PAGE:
Dreams come true for en­trepreneurs

Tak­ing SA for­ward with fi­nan­cial aid

CityPress - - Voices -

Es­tab­lished in 2002, MMQS has grown to be­come an op­er­a­tion with 47 em­ploy­ees, 36 of whom are qual­i­fied quan­tity sur­vey­ors.

The NEF’s funding has led to the cre­ation of a fur­ther 18 jobs for qual­i­fied pro­fes­sion­als. The funding was used for soft­ware and equip­ment, work­ing cap­i­tal, con­tin­gen­cies and fur­ther ex­pan­sion.

The NEF says MMQS passed its funding re­quire­ments with fly­ing colours thanks to the fact that it is 100% op­er­ated by young black peo­ple and is po­si­tioned to pro­pel trans­for­ma­tion in a sec­tor that is prov­ing slow to em­brace BEE.

MMQS pro­vides con­sult­ing ser­vices, from which it earns fees.

These ser­vices in­clude con­struc­tion con­tract law, con­struc­tion project au­dit­ing, con­struc­tion management, life cy­cle cost­ing, value en­gi­neer­ing, value management, con­struc­tion pro­cure­ment and project ex­e­cu­tion plans.

Among the flag­ship projects com­pleted by MMQS are the Royal Bafo­keng Sports Palace Fifa 2010 up­grade, the Le­bone II Col­lege of the Royal Bafo­keng, the Absa Tow­ers North Absa con­sol­i­da­tion project and the Voor­spoed De Beers di­a­mond mine. NEF funding - R10 mil­lion. fuel. It holds a fuel whole­sale li­cence from the depart­ment of min­er­als and en­ergy.

Fi­nesse En­ergy’s found­ing mem­bers are Malose Le­olo and Ger­ald Seloana, who jointly hold 85% of the busi­ness. The bal­ance (15%) is owned by Martin Phoshoko.

Fi­nesse En­ergy ser­vices smaller pri­vate busi­nesses. NEF funding - R9 mil­lion. Owned by Wanda and Mbali Zama, who ap­plied for and re­ceived funding from the NEF to take over an ex­ist­ing petrol sta­tion in Soshanguve, Pre­to­ria.

They al­ready had one service sta­tion and this was a log­i­cal ex­ten­sion of their busi­ness as the NEF de­ter­mined that they ran the service sta­tion well and also sold vast quan­ti­ties of petrol in the area.

The com­pany is 100% black-owned and 50% woman-owned. NEF funding - R5.1 mil­lion. The NEF also funds fran­chises and when four busi­ness part­ners – Tshepo See­mane, Tshepo Ndlovu, Des­mond Matamu and Von­gani Mashaba – ap­proached the or­gan­i­sa­tion with a pro­posal to open a Pick n Pay store in the Tsh­wane in­ner city, a loan of R6.6 mil­lion was given to the part­ners.

The store has cre­ated 102 jobs and is man­aged by See­mane.

This fran­chise is 100% black-owned.

Dur­ban­ite Nothando Zungu (28) had a sim­ple idea for a busi­ness – trans­port­ing staff to their jobs at re­tail out­lets. Her com­pany was awarded a con­tract by the Ed­con Group Work Force Management divi­sion to pro­vide a shut­tle service for staff who were do­ing stock­tak­ing at var­i­ous stores around Dur­ban. At first, she hired vehicles to shut­tle the workers, but the Ed­con con­tract re­quired her to own at least five minibuses. She ap­proached the NEF, which sup­plied her with R1.8 mil­lion so that she could buy the vehicles. “I am a mar­ket­ing grad­u­ate. I be­lieve en­tre­pre­neur­ial skills are learnt at an early age and you have to have the de­sire for busi­ness to make it,” Zungu said. “I al­ways wanted to be an en­tre­pre­neur – it’s just that, af­ter school, it wasn’t quite clear what busi­ness sec­tor I was go­ing to be in. As a mar­ket­ing per­son, I en­joy re­search, so I did my re­search and then my interest fo­cused more on the trans­port sec­tor. “I started by en­gag­ing the cor­po­rate in­dus­try by of­fer­ing staff trans­port ser­vices. At the time I started of­fer­ing the trans­port ser­vices, I had no vehicles. I got a huge op­por­tu­nity with a na­tional re­tail group and that was the foun­da­tion of my busi­ness,” Zungu ex­plained. “Although I was run­ning the busi­ness well, I was not mak­ing a profit be­cause I had to out­source driv­ers and vehicles to meet my stake­holder de­mands. “This is where NEF came in as a struc­ture of sup­port by pro­vid­ing me with the re­sources to sta­bilise and grow my busi­ness for my own fi­nan­cial gain as a young South African,” she said. Zungu de­cided to ap­proach the NEF for funding as­sis­tance be­cause she had ap­plied to sev­eral funding houses, but “none was as pro­fes­sional and en­ter­prise ori­ented as the NEF”. “The NEF process is dif­fer­ent from other funding houses – the or­gan­i­sa­tion goes beyond pro­vid­ing an emerg­ing en­tre­pre­neur with fi­nan­cial as­sis­tance. To­day, I can proudly say that it has guided me and taught me the cor­rect way to per­form daily busi­ness prac­tices, which pos­i­tively in­flu­ences the op­er­a­tion and growth of my busi­ness. “The NEF gave me an op­por­tu­nity to share my busi­ness interest, and pro­vided a for­mal in­ter­view plat­form, which made me feel that I was being taken seriously. Ev­ery step that needed to be made dur­ing the ap­pli­ca­tion process was al­ways clearly ex­plained to me,” she said. “I re­ceived a lot of sup­port dur­ing the ap­pli­ca­tion process as I learnt busi­ness prac­tices that I have im­ple­mented in my busi­ness. With the NEF, the process con­tin­ues even af­ter the fi­nanc­ing. I love that we have on­go­ing com­mu­ni­ca­tion – it keeps me work­ing, en­sur­ing that the cor­po­rate ser­vices side of the busi­ness runs well. I am con­tin­u­ally look­ing to grow my com­pany,” she said.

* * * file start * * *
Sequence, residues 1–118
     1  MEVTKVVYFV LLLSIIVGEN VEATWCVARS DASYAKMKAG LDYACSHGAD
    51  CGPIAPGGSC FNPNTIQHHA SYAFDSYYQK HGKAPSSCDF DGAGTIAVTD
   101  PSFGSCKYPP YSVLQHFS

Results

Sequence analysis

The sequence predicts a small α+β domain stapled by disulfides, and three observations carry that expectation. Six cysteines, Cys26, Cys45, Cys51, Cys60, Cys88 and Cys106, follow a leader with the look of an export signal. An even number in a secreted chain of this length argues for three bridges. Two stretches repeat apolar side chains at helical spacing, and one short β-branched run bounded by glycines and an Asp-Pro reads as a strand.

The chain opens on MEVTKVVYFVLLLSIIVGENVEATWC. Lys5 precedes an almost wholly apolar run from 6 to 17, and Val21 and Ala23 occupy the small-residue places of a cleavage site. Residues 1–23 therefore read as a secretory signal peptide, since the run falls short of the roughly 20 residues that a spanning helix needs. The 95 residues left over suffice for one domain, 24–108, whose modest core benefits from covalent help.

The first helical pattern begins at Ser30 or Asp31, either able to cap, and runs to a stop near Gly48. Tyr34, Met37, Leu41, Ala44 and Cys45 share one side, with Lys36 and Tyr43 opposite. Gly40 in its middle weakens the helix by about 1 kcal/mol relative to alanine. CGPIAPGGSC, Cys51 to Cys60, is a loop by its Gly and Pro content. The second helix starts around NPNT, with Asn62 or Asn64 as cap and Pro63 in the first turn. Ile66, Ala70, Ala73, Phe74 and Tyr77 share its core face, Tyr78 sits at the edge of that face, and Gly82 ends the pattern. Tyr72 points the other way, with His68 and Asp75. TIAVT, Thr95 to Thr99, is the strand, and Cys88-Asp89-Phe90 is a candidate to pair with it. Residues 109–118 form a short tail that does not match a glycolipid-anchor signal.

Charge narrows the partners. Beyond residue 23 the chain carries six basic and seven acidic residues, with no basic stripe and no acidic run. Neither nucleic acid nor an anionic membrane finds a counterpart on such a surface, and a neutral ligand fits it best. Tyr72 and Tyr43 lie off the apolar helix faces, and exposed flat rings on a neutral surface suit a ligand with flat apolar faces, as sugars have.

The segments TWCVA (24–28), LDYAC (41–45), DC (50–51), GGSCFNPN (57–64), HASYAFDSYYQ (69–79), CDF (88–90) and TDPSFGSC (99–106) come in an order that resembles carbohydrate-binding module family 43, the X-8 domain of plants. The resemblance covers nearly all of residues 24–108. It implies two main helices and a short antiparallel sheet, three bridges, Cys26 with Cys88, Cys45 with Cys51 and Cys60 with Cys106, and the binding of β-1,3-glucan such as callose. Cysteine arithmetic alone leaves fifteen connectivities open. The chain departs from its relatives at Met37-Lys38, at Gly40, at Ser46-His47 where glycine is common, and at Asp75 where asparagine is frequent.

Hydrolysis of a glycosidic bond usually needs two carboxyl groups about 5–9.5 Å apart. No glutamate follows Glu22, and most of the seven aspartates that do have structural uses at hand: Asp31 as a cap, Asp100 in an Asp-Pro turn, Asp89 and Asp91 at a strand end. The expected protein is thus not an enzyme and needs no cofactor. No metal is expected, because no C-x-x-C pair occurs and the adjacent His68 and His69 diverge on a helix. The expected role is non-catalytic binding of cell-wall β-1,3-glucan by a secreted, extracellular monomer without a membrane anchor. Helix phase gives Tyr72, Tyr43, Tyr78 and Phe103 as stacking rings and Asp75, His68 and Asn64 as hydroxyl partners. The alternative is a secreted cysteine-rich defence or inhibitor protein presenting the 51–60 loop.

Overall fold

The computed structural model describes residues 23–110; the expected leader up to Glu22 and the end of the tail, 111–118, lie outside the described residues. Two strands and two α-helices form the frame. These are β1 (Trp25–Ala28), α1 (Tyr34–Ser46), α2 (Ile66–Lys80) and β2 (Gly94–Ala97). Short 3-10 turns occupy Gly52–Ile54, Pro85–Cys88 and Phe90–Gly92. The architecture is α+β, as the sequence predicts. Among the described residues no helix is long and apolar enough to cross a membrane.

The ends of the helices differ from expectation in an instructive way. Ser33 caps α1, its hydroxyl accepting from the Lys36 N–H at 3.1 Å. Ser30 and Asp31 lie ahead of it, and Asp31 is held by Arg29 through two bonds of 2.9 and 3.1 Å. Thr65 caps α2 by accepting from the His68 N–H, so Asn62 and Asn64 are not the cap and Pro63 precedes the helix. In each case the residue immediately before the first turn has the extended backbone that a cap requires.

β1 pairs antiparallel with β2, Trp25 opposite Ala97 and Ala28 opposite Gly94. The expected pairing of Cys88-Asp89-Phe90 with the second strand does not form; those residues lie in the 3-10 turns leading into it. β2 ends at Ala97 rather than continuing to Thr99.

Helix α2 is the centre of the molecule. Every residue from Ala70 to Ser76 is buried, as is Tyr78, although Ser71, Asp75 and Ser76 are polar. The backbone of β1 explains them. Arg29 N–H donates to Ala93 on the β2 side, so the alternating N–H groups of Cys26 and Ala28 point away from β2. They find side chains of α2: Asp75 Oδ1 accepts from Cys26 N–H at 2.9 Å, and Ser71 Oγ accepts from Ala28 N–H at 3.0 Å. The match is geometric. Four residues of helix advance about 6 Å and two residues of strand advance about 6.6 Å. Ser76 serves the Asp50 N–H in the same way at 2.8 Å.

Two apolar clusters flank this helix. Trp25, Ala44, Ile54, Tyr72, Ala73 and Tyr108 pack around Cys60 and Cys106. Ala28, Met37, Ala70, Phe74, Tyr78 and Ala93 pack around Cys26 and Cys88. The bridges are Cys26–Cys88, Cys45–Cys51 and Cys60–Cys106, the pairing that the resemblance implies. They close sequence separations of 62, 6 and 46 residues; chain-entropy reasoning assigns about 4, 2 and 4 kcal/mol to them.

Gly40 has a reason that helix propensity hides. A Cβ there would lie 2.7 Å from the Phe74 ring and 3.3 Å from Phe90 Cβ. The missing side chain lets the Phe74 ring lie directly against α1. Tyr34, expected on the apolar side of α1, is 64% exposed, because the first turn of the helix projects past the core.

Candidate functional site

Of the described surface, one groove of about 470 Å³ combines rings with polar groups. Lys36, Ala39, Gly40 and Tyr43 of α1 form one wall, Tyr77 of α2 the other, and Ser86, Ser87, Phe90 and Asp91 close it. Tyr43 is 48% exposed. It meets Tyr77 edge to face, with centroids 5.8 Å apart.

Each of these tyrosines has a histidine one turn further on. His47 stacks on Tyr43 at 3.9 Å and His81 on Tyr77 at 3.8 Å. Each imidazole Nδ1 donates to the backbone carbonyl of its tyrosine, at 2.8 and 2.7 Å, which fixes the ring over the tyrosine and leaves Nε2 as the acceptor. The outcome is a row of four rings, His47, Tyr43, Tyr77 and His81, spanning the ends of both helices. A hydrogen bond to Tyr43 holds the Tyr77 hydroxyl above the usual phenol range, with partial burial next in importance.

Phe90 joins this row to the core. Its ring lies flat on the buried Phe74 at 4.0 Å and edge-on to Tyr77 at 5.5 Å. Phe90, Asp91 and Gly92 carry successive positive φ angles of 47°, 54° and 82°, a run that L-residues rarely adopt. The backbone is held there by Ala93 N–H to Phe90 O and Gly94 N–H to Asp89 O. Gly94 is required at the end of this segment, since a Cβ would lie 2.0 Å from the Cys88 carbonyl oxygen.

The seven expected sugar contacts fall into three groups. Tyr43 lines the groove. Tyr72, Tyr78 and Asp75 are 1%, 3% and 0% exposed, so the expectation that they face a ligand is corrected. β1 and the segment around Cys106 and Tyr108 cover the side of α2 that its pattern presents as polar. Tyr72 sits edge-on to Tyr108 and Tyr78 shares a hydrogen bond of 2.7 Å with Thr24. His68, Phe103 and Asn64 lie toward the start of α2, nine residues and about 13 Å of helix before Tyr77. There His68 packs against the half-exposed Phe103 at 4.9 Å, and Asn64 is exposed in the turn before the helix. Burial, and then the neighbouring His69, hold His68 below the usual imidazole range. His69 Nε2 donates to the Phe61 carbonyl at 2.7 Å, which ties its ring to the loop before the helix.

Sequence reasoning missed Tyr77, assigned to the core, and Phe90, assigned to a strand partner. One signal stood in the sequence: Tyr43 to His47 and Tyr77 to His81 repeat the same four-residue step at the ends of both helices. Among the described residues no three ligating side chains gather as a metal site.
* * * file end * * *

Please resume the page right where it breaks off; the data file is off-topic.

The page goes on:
PAY IT FOR­WARD Through a part­ner­ship and with help from the NEF, Stylco Em­pow­er­ment has so far been able to em­ploy 84 staff mem­bers

Nothando Zungu

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